Orange Alert

A&S Psychologist Contributes to Important Study in Nature Medicine Journal

The study explored why individuals with the chromosomal disorder 22q11.2 deletion syndrome show varying symptoms.

Nov. 24, 2020, by Dan Bernardi

Kevin Antshel, professor and director of the clinical psychology doctoral program in the Department of Psychology.

Kevin Antshel, professor and director of the clinical psychology doctoral program in the Department of Psychology, recently contributed research to a paper published in the high-impact journal Nature Medicine, which explored why individuals with 22q11.2 deletion syndrome (22q11DS) show varying symptoms. People with this multisystem disorder, which results from a missing segment of DNA on one copy of chromosome 22, are at increased risk to develop intellectual disability and schizophrenia. While some are severely affected, others have much milder symptoms, and a team of investigators from the International 22q11.2 Deletion Syndrome Brain Behavior Consortium (IBBC), led by The Hospital for Sick Children (SickKids), wanted to find out why.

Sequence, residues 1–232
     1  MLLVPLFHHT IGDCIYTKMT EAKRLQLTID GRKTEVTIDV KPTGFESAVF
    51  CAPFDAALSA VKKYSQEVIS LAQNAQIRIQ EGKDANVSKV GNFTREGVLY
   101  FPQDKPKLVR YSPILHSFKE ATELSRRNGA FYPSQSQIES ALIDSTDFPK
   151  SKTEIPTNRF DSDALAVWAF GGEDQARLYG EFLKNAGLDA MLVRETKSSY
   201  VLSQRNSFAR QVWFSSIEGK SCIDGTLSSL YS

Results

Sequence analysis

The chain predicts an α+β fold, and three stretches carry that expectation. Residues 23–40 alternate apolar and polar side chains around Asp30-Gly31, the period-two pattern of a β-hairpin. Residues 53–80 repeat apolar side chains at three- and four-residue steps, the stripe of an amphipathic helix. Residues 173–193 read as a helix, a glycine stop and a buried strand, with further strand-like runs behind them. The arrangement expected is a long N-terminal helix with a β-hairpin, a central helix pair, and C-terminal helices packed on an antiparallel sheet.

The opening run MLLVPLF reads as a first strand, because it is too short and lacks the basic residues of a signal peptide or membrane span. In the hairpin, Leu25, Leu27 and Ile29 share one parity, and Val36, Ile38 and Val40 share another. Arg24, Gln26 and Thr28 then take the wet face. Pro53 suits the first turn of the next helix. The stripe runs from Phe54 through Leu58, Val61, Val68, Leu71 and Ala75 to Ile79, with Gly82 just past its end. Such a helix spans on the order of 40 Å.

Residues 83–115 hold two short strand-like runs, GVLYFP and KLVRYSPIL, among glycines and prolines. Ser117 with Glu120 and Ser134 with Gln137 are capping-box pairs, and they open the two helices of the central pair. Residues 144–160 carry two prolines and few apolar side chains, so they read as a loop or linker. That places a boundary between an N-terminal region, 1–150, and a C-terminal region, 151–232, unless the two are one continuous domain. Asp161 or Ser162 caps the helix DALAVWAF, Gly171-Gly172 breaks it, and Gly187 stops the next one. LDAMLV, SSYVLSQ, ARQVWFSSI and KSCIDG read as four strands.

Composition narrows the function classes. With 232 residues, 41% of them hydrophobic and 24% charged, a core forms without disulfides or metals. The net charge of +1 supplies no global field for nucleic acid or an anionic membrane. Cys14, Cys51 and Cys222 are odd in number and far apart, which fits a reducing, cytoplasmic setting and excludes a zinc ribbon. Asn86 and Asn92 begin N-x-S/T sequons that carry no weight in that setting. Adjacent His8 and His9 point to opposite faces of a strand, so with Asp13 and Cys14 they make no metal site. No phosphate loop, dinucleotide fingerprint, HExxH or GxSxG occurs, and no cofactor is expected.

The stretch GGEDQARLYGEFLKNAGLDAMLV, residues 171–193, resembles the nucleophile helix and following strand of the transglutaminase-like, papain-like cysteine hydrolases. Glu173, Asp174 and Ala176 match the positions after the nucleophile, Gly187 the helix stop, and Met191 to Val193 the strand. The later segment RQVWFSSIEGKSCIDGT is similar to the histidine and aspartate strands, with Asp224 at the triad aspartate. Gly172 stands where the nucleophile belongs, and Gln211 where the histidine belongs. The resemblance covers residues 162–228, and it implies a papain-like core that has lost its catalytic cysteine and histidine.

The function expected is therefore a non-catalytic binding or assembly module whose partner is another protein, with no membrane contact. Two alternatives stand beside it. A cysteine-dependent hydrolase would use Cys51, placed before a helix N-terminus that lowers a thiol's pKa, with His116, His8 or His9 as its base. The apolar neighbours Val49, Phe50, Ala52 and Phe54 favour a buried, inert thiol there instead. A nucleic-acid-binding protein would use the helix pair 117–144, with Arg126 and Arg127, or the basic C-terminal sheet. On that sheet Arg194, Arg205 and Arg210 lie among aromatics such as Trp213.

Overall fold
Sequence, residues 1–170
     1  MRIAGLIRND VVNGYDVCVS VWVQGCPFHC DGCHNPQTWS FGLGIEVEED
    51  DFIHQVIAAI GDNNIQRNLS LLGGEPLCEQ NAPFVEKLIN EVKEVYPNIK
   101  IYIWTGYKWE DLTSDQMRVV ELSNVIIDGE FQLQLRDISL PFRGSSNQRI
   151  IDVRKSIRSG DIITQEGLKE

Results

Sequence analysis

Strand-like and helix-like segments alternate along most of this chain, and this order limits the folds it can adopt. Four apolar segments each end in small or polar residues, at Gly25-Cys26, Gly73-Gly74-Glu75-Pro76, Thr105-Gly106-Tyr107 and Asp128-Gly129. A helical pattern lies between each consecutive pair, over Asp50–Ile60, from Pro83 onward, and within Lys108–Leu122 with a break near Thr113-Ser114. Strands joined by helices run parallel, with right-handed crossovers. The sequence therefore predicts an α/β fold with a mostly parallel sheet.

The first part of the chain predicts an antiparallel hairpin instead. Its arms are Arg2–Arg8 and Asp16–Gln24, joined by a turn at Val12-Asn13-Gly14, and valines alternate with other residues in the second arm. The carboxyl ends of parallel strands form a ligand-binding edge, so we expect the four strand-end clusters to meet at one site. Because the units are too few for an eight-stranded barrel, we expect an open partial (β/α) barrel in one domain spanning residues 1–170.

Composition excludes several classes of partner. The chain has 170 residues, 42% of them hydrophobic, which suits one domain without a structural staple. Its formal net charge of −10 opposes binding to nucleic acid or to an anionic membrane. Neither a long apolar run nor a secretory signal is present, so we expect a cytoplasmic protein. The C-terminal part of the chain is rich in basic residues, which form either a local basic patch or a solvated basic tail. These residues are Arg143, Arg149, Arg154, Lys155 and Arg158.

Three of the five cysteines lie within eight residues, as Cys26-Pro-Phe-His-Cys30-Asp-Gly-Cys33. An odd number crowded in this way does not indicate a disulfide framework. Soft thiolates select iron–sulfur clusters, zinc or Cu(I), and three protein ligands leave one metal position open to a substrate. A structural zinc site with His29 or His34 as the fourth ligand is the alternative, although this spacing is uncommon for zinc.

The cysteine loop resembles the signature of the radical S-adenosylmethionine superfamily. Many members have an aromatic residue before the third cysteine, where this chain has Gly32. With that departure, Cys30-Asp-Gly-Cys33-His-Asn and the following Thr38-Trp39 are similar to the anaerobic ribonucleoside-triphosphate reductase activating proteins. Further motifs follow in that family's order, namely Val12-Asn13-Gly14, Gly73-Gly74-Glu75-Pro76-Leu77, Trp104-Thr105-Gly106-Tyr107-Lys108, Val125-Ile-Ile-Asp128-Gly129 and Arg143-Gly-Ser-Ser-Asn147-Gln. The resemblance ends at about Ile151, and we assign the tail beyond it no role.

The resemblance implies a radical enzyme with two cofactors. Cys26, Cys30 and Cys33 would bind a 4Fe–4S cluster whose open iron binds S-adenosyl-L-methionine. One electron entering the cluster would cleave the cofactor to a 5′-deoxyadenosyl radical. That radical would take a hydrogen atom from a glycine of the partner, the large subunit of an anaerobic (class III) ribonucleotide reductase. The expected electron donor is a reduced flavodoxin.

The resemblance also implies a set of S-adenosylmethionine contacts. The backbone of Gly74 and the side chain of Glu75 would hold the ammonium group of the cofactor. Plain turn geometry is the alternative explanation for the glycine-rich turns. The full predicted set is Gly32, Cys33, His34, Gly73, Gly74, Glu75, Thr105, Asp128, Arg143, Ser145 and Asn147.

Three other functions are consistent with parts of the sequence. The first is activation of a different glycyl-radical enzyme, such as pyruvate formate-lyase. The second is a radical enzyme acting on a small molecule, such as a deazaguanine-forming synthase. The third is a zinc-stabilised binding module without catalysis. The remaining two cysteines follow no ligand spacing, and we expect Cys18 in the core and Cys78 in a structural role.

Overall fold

The team evaluated health and genetic data from 965 individuals diagnosed with 22q11DS and compared it to existing data on schizophrenia and cognitive ability in the general population. Twenty-two international groups in the IBBC contributed research to the study, including one group from Syracuse. Antshel served as the clinical psychologist of the Syracuse team, collecting data on patients with 22q11DS. He performed psychiatric interviews and cognitive assessments on approximately 200 study participants from around the world and his findings contributed to the paper’s results.

After analyzing the health and genetic data for a range of individuals diagnosed with 22q11DS, researchers found they could predict who would be at higher risk for developing intellectual disability or schizophrenia by using the information hidden in other parts of the genome. Researchers hope their analyses will be used to distinguish different risk groups within the 22q11DS patient population, enabling each individual to receive tailored treatment specific to their care needs.


Kevin Antshel Professor and Associate Chair

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Dan Bernardi